Last June, a few dozen protesters came out to Taney Street, with demands to change its name — one that many believe honors the author of the infamous Dred Scott Supreme Court opinion, Justice Roger B. Taney. The justice wrote in 1857 that Black people “had no rights which the white man was bound to respect.”
In 1858, a Philadelphia street became Taney Street.
Nearly a year after the Fitler Square demonstration, members of the Rename Taney Coalition are continuing to press their case, and held an event Sunday afternoon at the Young Chances Foundation Community Engagement Center in Grays Ferry.
“I think of Taney as one of the strongest symbols of white supremacy,” said Ben Keys, one of the coalition’s lead organizers. The Supreme Court decision he authored “is as egregious as they come,” Keys said, and the timing of the street naming in the late 1850s is “unambiguous.”
“That name means exactly one thing in 1858,” said Keys, a professor at the University of Pennsylvania and a Taney Street resident.
The street’s name isn’t a new problem, Keys said. The coalition has heard from residents, for example, who were bothered by the name when they moved to the neighborhood in 1985.
The killing of George Floyd by a Minneapolis police officer and the widespread uprising in response to his death motivated residents to try to change Taney Street’s name — as communities and local governments across the country have confronted racist histories tied to monuments and named landmarks.
In Philadelphia last June, the city took down a statute of former Mayor and Police Commissioner Frank Rizzo, which Mayor Jim Kenney called a “deplorable monument to racism, bigotry, and police brutality.” The statue of Christopher Columbus in Marconi Plaza, meanwhile, remains covered by a box amid a lawsuit to stop the city from removing it.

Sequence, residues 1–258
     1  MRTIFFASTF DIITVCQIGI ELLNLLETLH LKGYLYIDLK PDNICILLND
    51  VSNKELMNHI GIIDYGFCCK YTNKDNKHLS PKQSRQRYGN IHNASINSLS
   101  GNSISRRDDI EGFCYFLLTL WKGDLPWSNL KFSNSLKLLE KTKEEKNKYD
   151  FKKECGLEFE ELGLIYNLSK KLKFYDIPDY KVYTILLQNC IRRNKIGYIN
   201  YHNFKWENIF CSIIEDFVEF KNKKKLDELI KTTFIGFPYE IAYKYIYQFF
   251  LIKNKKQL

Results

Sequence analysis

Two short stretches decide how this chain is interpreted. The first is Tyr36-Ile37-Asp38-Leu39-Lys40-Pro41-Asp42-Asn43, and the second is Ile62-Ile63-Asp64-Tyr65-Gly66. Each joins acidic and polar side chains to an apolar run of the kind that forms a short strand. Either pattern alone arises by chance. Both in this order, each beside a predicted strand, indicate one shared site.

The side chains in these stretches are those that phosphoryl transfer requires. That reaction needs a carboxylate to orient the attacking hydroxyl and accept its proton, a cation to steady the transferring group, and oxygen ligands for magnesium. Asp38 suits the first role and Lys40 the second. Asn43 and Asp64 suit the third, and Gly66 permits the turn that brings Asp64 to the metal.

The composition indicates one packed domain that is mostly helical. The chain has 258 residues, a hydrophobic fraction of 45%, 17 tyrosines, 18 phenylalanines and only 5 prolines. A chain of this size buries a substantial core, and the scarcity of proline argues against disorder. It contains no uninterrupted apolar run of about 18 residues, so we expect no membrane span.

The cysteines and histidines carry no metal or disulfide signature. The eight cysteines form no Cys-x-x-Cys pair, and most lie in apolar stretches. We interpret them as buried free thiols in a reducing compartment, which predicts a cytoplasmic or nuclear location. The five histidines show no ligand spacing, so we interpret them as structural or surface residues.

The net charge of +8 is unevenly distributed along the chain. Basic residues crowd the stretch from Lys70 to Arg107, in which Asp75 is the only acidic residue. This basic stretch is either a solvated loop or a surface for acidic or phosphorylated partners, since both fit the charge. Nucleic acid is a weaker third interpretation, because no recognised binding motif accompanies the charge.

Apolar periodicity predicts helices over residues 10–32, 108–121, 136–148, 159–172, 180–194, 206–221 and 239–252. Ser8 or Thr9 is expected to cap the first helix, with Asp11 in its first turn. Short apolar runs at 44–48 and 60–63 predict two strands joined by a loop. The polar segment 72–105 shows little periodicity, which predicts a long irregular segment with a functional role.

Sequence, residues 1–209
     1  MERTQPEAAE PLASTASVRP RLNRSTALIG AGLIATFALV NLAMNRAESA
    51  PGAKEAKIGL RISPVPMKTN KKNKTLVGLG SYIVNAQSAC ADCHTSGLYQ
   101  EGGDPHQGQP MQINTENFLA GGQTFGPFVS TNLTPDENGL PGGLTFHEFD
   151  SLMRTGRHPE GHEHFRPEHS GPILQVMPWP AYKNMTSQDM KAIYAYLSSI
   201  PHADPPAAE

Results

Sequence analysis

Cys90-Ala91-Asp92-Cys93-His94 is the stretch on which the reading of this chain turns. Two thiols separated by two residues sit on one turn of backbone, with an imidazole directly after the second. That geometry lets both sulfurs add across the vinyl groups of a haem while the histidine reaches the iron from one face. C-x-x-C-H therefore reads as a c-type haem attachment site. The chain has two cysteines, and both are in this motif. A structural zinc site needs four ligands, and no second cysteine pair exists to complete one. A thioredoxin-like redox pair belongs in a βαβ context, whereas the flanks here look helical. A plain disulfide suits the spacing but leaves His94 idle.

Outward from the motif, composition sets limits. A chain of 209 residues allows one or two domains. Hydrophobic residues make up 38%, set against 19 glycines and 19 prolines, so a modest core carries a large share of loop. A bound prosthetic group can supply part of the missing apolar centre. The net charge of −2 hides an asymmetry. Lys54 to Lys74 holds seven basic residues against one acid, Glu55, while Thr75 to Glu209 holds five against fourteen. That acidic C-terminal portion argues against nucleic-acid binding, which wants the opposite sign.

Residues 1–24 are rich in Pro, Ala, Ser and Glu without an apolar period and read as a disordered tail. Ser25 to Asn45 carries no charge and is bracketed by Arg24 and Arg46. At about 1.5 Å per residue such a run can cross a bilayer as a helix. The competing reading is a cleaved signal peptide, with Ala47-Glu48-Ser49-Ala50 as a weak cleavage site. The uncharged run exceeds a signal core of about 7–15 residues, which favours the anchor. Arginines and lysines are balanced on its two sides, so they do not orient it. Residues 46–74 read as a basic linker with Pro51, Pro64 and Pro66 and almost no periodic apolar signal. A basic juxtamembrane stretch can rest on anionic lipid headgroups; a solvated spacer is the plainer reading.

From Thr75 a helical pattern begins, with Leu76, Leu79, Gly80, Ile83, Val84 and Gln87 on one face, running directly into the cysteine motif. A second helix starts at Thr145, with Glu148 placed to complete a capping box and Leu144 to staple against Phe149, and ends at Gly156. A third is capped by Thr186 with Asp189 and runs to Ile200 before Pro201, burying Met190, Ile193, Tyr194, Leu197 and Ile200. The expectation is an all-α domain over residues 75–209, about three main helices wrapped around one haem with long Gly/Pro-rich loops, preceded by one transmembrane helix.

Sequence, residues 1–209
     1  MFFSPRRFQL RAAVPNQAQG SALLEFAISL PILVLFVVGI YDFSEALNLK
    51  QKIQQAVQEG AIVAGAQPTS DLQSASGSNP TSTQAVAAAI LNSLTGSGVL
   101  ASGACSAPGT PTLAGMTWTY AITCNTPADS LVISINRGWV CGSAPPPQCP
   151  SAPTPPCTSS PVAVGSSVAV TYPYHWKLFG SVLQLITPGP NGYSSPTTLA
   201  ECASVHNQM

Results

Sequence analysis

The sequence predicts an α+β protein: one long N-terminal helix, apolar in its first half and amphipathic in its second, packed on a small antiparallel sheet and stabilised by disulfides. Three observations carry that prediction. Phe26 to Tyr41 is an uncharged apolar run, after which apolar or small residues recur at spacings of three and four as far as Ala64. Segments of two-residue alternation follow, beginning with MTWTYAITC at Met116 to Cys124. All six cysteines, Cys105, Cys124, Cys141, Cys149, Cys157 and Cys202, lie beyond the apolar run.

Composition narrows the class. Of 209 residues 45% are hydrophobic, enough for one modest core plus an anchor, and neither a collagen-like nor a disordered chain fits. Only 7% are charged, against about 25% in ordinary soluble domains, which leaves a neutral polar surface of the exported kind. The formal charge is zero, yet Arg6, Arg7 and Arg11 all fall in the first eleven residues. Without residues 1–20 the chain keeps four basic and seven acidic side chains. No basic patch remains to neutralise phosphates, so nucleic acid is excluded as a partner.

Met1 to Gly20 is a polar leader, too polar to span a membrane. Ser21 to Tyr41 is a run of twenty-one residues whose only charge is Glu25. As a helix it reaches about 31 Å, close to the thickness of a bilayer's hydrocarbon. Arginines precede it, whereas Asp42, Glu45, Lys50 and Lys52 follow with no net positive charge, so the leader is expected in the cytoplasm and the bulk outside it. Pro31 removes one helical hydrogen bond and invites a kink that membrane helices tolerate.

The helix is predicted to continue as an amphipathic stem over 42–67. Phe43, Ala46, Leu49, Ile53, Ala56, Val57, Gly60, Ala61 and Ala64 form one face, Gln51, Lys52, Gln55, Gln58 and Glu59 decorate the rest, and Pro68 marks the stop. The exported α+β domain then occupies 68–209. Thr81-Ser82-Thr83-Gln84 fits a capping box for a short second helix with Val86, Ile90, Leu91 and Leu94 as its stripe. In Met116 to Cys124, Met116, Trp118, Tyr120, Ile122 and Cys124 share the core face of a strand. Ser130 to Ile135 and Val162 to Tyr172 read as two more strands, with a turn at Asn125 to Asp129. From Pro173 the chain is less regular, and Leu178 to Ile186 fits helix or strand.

The Kenney administration has also been developing criteria to review city landmarks and monuments, and to allow the public to request “the removal, renaming, or recontextualizing” of those that “represent a history of racism, bigotry, or colonialism,” according to the Office of Arts, Culture, and the Creative Economy. The office is accepting public comment on those plans through May 30, by emailing firstname.lastname@example.org.
Changing the name of Taney Street would require legislation in City Council. The street runs north/south on non-consecutive blocks, crossing three different council members’ districts, from South Philadelphia, through Fairmount and North Philadelphia.
Tyrique Glasgow, executive director of Young Chances, said he got involved in the Rename Taney effort because the justice’s decision “that Blacks didn’t earn the same rights as whites in America,” as Glasgow put it, is symbolized today by poverty and food insecurity in the community.
“The decision was not to let us breathe, to not let us live a life to create survival,” Glasgow said.
Young Chances opened the community center in October 2019 on the corner of Tasker Avenue, a block from South Taney. The foundation operates a summer camp, and has given out food, hot meals, and masks during the pandemic. On Sunday, members of the Rename Taney coalition planned to distribute bags with masks and literature on the renaming push along the 1500 and 1600 blocks of South Taney.
“This is an opportunity for our community to stand up,” Glasgow said. “We see this and we want it changed. It changes how our kids talk to each other. Because they’re going to have a conversation about how they changed something in their community.”
Separately last year, the then-Taney Youth Baseball Association announced plans to rename itself because of the “very real negative feelings” associated with the Taney name. The organization — home of the 2014 Mid-Atlantic Little League champions and their pitching phenom Mo’ne Davis — now goes by Philadelphia Dragons Sports Association.